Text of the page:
|Home | About | Journals | Submit | Contact Us | Français|
To determine whether changes in neonatal practice and morbidity since 2000 have improved the growth attainment of infants with bronchopulmonary dysplasia (BPD).
We compared the respective z-scores of the weight, length and head circumference of extremely low-gestational-age infants (aged <28 weeks) with BPD at birth, 40 weeks and 20 months corrected age (CA) during two time periods, namely period I, 1996–1999 (n=117) and period II, 2000–2003 (n=105), and examined the effects of significant changes in neonatal practice, morbidities and neurosensory outcome on 20-month growth outcomes.
During the most recent period (2000–2003), there was a significant increase in mean weight z-scores (−1.60 vs −1.22) and decrease in rates of subnormal weight (40 vs 21%), P<0.05 at 20 months CA but not in those of length or head circumference. Significant predictors of the 20-month weight z-score included time period (period I vs II), duration of ventilator dependence and 20-month neurosensory abnormality (all P<0.05).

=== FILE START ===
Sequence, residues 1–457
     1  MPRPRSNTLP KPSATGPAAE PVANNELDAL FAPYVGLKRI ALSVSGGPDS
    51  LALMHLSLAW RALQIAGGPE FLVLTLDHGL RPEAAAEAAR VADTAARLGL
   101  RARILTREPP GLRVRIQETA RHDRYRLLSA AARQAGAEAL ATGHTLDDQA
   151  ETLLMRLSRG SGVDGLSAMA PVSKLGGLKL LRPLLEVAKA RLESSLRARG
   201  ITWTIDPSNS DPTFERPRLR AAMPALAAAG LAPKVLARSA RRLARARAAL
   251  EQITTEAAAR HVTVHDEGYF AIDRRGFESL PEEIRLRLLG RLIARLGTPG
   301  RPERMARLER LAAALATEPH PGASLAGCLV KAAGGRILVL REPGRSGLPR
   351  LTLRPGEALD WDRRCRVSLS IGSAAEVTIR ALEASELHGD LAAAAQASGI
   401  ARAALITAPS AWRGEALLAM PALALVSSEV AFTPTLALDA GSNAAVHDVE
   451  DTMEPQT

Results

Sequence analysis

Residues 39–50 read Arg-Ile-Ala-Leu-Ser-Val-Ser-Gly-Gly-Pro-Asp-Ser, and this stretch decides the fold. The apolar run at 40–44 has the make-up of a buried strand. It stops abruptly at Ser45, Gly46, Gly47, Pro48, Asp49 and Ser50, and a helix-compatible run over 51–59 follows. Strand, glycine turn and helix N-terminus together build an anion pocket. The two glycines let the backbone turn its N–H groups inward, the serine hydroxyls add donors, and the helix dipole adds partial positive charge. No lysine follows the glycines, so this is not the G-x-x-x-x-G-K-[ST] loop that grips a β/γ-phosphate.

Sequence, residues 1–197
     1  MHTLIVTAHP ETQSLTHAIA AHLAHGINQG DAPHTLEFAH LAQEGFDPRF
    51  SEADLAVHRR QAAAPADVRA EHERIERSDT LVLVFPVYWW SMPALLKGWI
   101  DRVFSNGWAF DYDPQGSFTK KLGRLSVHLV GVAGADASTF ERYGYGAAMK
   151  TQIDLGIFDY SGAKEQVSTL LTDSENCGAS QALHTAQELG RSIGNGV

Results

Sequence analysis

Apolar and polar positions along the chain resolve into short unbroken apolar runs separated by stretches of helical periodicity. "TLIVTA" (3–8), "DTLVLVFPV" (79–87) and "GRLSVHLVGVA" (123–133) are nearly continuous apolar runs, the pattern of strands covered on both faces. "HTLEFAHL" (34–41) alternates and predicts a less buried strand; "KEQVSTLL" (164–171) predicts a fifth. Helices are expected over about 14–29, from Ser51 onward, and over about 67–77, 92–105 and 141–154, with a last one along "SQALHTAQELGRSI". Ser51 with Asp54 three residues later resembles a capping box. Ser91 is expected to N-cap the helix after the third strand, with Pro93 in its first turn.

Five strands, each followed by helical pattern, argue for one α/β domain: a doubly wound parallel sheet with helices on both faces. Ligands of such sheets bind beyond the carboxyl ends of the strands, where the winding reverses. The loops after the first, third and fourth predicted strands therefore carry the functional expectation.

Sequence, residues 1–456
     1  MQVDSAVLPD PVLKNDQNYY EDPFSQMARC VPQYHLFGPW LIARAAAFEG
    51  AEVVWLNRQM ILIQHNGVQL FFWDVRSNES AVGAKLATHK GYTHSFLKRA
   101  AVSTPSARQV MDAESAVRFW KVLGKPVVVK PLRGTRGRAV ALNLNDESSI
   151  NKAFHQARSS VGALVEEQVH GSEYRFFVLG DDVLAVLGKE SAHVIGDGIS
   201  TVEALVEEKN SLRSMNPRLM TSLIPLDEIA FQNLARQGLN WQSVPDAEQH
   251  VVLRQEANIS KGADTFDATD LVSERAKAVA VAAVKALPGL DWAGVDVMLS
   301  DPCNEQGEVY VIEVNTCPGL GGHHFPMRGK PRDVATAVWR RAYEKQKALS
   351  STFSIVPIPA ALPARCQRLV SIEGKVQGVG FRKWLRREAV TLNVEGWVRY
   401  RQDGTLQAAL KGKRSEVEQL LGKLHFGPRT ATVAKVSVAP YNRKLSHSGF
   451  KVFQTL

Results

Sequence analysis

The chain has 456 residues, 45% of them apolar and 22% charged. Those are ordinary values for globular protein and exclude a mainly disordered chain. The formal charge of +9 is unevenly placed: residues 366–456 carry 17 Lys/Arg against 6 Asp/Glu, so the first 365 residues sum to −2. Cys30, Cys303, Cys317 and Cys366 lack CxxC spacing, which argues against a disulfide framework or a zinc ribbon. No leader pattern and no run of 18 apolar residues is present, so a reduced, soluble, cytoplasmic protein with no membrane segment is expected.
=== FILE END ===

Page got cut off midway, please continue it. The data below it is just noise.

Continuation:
Despite an improvement in weight since 2000, poor growth attainment remains a major problem among infants with BPD.
Despite advances in neonatal intensive care, bronchopulmonary dysplasia (BPD) remains one of the leading morbidities among extremely preterm children.1 Long-term sequelae associated with BPD include neurodevelopmental impairments and poor growth attainment resulting from both growth failure during the neonatal period and later during infancy.2, 3, 4, 5, 6
We recently reported on decreased rates of neurosensory abnormality at 20 months corrected age (CA) among extremely low-birth-weight and gestational age children with BPD who were born during the years 2000–2003 as compared with those born during 1996–1999. This improvement was associated with changes in neonatal practice and morbidity which included a decrease in postnatal steroid therapy and decreased rates of severe cerebral ultrasound abnormality.7 However, it is unclear as to whether these changes are also associated with improvements in the early childhood growth of children with BPD. Thus, we sought to use the data to examine whether the recent changes in neonatal therapy and associated decrease in neonatal morbidity and later neurosensory sequelae have been associated with improved 20-month growth attainment of children with BPD. We hypothesized that extremely low-gestational-age infants (<28 weeks) with BPD born during the years 2000–2003 would have a significant improvement in growth attainment at 20 months CA as compared with those born during the years 1996–1999.